December 15: 5th Special Legislative Session Begins.
I have seen extensive documentation of Palestinian prisoners subject to lengthy sentences under horrendous prison conditions, after a questionable process of "justice" was undergone. If my friend from Israel visits again, please bring your documentation in Israel's defense - embed your links, and I might put it up as a guest post instead of just bury it as a comment - we'll see.
Remember the anniversary of the Universal Declaration of Human Rights tomorrow. There aren't that many of them - it's easier to memorize than the US Constitution, and the principles in the UN document could set more people free than ours did, if we abided by them.
Unfortunately, our constitution left a lot of people out of the whole freedom promise to begin with. As it is today it still doesn't even protect the rights of prisoners: we made them into slaves of the state. No wonder guards are so ruthless - they grow up taking their cues from the rest of us that some people's rights don't matter...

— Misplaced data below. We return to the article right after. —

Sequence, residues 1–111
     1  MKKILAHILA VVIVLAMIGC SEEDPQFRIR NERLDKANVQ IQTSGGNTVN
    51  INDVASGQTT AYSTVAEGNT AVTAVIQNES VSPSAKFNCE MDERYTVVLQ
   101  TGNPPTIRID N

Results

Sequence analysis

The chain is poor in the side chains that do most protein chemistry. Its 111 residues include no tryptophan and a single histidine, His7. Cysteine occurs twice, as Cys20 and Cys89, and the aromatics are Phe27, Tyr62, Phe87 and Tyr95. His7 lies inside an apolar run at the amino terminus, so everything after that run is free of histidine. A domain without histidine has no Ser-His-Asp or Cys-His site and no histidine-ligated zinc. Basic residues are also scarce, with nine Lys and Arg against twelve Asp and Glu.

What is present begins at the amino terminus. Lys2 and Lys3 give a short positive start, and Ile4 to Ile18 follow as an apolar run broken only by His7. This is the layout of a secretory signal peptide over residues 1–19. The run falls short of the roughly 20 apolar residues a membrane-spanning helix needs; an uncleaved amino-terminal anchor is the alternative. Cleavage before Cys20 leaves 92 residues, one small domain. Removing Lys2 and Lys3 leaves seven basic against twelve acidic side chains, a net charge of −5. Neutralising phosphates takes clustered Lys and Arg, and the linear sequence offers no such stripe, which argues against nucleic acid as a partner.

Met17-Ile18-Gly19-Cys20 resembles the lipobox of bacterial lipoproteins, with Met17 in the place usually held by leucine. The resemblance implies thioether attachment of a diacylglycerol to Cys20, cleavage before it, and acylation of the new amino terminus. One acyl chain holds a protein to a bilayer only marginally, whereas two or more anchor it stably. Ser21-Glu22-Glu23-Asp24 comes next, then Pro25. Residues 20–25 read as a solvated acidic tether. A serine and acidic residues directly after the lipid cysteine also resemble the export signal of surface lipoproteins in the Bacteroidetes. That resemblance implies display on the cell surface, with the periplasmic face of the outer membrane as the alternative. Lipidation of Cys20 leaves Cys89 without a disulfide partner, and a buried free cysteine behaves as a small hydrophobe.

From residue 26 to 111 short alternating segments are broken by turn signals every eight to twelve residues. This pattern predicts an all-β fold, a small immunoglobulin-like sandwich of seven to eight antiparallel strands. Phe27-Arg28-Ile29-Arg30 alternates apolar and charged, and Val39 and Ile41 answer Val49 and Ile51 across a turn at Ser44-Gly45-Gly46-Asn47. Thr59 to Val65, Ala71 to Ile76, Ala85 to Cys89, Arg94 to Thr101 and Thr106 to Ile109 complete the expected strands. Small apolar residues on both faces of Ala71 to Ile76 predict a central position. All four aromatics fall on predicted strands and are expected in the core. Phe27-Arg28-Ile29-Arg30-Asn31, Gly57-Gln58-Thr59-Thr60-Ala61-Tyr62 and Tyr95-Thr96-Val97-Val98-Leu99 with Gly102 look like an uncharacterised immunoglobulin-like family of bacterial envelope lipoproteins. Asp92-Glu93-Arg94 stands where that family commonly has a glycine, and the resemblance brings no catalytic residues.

Some of those people locked up aren't guilty, but none of those of us who are free are innocent, so long as we ignore them when they call for help.
They've been calling for a long time. It's up to us to either answer, or walk away. No one can remain neutral once they hear them, though - as Elie Wiesel once said, neutrality always sides with the oppressor...
here]. I will post the English translation when it becomes available; however, the main reasoning and implications of the case discussed below should be suggestive of its importance.
The panel of nine justices, presided over by Supreme Court President Dorit Beinisch, ruled in an 8-1 decision that a transfer of authority for managing the prison from the state to a private contractor whose aim is monetary profit would severely violate the prisoners' basic human rights to dignity and freedom. (See Tomer Zarchin, International legal precedent: No private prisons in Israel, HAARETZ)
In 2004, the Knesset passed Amendment 28 to the Prisons Ordinance, which permitted the establishment of private prisons in Israel. The state's motivation was to save money by transferring prisoners to facilities managed by a private firm, to be chosen by tender. The state would pay the franchisee $50 per day for each inmate, but would be spared the cost of building new prisons and expanding the Israel Prison Service's staff...